Solution? Allow players to queue for entire wings like they can now, or if they desire, for an individual boss. Yes, just one. The boss dies and you're given the option to stay (if bosses remain) or leave. There's already an incentive system in place in LFD's: players who can fill a role with low representation are encouraged, via extra loot, to enter the queue. The LFR system could function in the exact same way to avoid bottlenecks and ridiculously long queues.
I'd argue that there's inherent value in seeing loot drop, even if you aren't the recipient of said loot. Even if someone else who doesn't actually need the loot rolls and wins it. At least you know the boss dropped something, and someone benefited. It's obvious many players still aren't happy with the way individual loot works in LFR. Tell me you don't see this happen in every LFR you run: boss dies and immediately a handful of players say something along the lines of, "Yay! I got gold!" Hint: they're not actually excited about getting gold.
Maybe returning to the old LFR loot system is the answer, though I'm not saying it is. But what I will say is that the negative psychological effect--at least initially--is greater when a player sees no potential reward vs. seeing a potential reward but not receiving it. The value is in the fact that there was a tangible reward to be had, one that could be seen. While with the new system your chances for receiving loot are actually greater -- given that you're not competing against other players for the same drop -- it feels like you're chances are much, much worse simply because you don't see loot after every single boss kill like you did before.
Maybe the middle ground is world drops in LFR. BoE blues or purples, raid mats, etc. Something to make the experience feel more worthwhile. While I mostly agree with how loot works in MoP's LFR, its negative psychological effect on players is too great to ignore. It needs some tweaking.
Queue to Receive Loot as X Spec - Incoming 5.3
This one tiny change might alleviate some of the issues I have with LFR, but I feel it doesn't change the core of the problem. Being able to queue in the healer role, yet still receive the gear I need for my main spec (enhancement) is a change I welcome. I get shorter queue times, and though I'll forfeit playing the role I'd prefer to play in doing so, the consolation is that at least I get gear for the spec I prefer to use outside of LFR. At this point, I'd really just like to get through all four ToT wings in a week without it encompassing 75% of my play time. But even this change doesn't guarantee that, as I've tried to outline above.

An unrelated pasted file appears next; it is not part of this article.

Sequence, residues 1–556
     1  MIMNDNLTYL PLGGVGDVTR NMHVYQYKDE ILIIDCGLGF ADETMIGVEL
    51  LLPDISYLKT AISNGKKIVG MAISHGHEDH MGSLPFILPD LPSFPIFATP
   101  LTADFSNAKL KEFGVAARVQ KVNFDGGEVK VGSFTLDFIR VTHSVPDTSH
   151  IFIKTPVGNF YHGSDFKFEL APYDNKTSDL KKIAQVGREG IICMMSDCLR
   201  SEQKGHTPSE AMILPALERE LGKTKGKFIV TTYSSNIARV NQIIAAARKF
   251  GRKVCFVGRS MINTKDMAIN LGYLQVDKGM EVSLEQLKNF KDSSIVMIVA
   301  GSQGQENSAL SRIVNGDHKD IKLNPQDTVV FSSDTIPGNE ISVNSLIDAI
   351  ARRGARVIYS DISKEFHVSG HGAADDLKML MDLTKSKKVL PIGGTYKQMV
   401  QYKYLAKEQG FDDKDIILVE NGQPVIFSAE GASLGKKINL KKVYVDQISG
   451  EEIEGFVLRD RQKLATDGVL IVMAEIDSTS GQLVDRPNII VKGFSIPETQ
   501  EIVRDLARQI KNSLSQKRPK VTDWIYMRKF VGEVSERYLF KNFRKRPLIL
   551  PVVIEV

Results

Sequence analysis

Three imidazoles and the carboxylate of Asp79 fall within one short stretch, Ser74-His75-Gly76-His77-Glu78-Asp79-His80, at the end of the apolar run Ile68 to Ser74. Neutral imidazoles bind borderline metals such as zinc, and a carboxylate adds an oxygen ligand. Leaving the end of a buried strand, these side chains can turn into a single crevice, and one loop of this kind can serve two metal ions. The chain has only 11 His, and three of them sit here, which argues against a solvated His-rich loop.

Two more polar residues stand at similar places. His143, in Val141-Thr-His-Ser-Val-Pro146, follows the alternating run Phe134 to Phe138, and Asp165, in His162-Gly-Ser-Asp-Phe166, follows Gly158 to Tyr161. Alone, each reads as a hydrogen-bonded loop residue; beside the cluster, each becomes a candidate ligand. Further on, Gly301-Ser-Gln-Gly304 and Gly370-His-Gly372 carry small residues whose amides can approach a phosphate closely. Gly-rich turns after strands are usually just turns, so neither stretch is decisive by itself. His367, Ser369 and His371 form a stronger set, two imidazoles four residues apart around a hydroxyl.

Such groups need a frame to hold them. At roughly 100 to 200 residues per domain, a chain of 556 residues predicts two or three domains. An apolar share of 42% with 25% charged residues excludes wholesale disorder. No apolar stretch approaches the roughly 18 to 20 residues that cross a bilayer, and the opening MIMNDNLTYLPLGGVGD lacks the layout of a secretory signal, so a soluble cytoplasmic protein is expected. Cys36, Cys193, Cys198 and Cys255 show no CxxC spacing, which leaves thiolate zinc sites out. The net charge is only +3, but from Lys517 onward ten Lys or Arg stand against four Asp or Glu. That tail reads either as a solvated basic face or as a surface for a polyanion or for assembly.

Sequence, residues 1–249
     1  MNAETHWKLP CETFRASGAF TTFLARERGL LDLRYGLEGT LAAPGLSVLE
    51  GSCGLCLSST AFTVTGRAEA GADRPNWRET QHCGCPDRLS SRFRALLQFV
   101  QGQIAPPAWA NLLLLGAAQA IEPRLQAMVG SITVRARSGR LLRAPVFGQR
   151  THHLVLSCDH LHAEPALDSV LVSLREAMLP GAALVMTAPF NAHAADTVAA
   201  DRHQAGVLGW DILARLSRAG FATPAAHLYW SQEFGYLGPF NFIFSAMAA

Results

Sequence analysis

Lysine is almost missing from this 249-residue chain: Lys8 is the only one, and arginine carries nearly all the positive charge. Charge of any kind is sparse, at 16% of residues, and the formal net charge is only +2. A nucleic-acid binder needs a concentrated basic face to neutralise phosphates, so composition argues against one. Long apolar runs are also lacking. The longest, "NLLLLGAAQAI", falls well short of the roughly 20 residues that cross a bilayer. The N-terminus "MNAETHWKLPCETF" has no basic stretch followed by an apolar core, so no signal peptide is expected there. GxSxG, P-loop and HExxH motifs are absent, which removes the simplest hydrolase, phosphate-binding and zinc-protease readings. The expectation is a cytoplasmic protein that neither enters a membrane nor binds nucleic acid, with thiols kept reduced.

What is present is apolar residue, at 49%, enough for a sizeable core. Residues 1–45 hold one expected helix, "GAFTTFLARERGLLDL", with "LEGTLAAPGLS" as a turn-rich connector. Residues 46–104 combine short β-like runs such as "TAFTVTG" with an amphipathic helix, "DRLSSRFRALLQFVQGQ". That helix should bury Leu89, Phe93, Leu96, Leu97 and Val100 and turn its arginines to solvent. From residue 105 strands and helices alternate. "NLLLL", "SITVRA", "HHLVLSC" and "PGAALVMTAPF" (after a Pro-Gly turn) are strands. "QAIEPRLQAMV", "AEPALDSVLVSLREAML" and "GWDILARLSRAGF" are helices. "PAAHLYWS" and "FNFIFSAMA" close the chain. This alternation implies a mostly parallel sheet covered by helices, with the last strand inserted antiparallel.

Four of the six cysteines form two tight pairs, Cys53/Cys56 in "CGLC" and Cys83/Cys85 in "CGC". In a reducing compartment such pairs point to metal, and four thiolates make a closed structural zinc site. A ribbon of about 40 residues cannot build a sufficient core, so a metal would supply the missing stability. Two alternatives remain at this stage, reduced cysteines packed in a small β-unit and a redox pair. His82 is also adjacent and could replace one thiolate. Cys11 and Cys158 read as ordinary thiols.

This could mean that, overall, more traditionally-DPS players will select the roles of tank or healer for the attractiveness of shorter queues, since they still receive loot for their off-spec. The risk, of course, is that players who traditionally choose the tank or healer role may now opt to DPS, electing to receive loot for their tank or healer spec. So while the change has the potential to help some players at the individual level, no part of this change is guaranteed to positively effect the overall LFR experience.
I was once part of the school of thought that decried the nerfing of this game. Not anymore. While this game is vastly different than what launched eight years ago, this argument isn't about the game being made easier. It's about there being more content options in game, and yes, some of that content is a ridiculously simplified version of normal mode raids. And that's OK. Get me in, get me a chance at some purples and valor, and get me out.
But you don't deserve that piece, you didn't work for it. Blizzard might as well let you create a level 90 decked out in full purples.
No. Shut up. Shut. Up. I did work for that gear. If I want to spend 30-45 minutes of my time face-rolling content for a miniscule chance at one or two pieces of epic gear that will very marginally improve the likelihood of success in content of greater difficulty, that's my choice, and that's still working for it. If that doesn't please you, I would love to hear about how well your guild is doing on normal modes, or heck, maybe even heroics...and then I'll ask you why you give a damn about LFR, and how other players choose to play.
How has LFR treated you this expansion? Is it working well, and if not, what would you change?